Dwayne Brown/Renee Juhans
Dec. 8, 2004
NASA Explorer School Concept Goes International
A NASA education initiative designed to bring science, technology, engineering and mathematics learning and activities to U.S. educators, students and families is going abroad to the Netherlands.
NASA's Chief Education Officer, Dr. Adena Williams Loston, today signed an Understanding among NASA, the European Space Agency (ESA) and the Dutch Ministry of Education, Culture and Science, establishing the Delta Researchers Schools (DRS) Program. An Understanding is a written document regarding mutual educational cooperation.
Patterned after the NASA Explorer School (NES) Program, the DRS Program will identify and develop innovative methods to inspire Dutch primary school students to pursue careers in mathematics and science. The program will focus on stimulating the interest of children -- girls in particular -- between the ages of 9 and 12. It also will generate positive awareness of human space flight, the International Space Station and other international cooperative projects. The Dutch Ministry of Education, Culture and Science initially will launch, manage and fund activities for selected schools for three-year periods.
The program's name derives from the ESA Delta Mission, which was conducted as part of the International Space Station/Soyuz crew-exchange missions flown in April. Dutch/ESA Astronaut André Kuipers carried out the Delta Mission under a commercial arrangement between ESA and the Russian Federal Space Agency.
"This understanding builds on existing collaborations to strengthen and expand educational cooperation among the Netherlands, ESA and NASA, using NASA's extremely successful Explorer Schools Program as a model," Loston said. "Considering the importance of education and the excitement and unique activities the Vision for U.S. Space Exploration will provide, this program personifies NASA's commitment to foster learning to inspire students to understand and protect our home planet, seize opportunities to venture to the moon, Mars and new worlds beyond," she said.
"The Delta Researchers Schools initiative will undoubtedly strengthen NASA's ties with the Netherlands and the broader European community now and in the future," said Clifford Sobel, U.S. Ambassador to the Netherlands.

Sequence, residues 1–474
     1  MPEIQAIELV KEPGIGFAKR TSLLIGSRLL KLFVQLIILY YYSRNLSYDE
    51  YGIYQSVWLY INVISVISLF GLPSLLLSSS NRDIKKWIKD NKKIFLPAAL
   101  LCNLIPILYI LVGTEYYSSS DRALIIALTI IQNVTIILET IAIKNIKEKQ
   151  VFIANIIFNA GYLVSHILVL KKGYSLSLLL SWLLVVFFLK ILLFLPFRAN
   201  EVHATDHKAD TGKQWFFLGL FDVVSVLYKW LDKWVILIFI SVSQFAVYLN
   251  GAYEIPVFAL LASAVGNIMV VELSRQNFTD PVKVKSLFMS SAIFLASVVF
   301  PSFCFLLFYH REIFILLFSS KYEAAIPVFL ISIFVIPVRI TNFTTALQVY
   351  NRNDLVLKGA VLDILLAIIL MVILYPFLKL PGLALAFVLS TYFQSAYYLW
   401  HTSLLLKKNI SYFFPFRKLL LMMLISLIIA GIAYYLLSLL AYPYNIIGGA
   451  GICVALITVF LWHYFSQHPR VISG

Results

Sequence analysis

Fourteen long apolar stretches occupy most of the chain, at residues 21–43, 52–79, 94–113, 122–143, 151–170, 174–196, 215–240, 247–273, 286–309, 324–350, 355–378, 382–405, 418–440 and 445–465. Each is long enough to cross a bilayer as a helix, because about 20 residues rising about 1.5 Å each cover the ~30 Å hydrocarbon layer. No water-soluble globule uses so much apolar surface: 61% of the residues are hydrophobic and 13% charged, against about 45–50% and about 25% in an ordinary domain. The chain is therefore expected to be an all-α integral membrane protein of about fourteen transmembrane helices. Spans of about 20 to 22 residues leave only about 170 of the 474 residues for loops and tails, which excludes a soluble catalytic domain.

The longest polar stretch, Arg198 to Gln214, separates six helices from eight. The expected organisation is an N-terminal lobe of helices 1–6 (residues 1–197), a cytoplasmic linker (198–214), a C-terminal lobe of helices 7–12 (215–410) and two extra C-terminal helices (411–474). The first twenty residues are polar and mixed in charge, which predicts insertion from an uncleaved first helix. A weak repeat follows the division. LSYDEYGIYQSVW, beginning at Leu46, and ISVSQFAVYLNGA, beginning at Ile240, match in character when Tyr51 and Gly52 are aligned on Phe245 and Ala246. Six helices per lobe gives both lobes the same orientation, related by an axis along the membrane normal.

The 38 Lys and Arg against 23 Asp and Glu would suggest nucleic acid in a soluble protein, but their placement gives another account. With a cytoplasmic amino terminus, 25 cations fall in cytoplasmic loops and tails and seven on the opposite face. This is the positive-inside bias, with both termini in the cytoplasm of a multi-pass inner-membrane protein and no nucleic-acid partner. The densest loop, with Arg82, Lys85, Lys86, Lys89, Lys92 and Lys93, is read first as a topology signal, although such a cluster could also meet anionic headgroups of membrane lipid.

As part of the cooperation, NASA will provide opportunities for Dutch teachers to participate in summer NES workshops at NASA centers. Teachers will acquire new resources and technology tools using NASA's unique content. NES officials will be available for content consultation and to coordinate distance-learning capabilities to support the DRS Program. One ham-radio opportunity will be scheduled each year for Dutch students to talk with the Earth-orbiting Space Station crew.
NASA's NES Program provided more than 70,000 U.S. elementary, middle and high school students' information and interactive activities on future careers, to pursue the fulfillment of the Vision for U.S. Space Exploration.
The NES Program is a three-year partnership between NASA and selected schools that offer opportunities and materials for teachers to spark student interest in science and math. Students, parents, teachers and education administrators from diverse communities in 46 states and the District of Columbia have participated.
The Vision for U.S. Space Exploration is a bold new course into the cosmos, a journey that will return the Space Shuttle safely to flight, complete the construction of the International Space Station, take humans back to the moon and eventually to Mars and beyond.
To view the NES Program on the Internet, visit:
For information about NASA education programs on the Internet, visit:
For information about NASA and agency programs on the Internet, visit:
For ESA information on the Web, visit:
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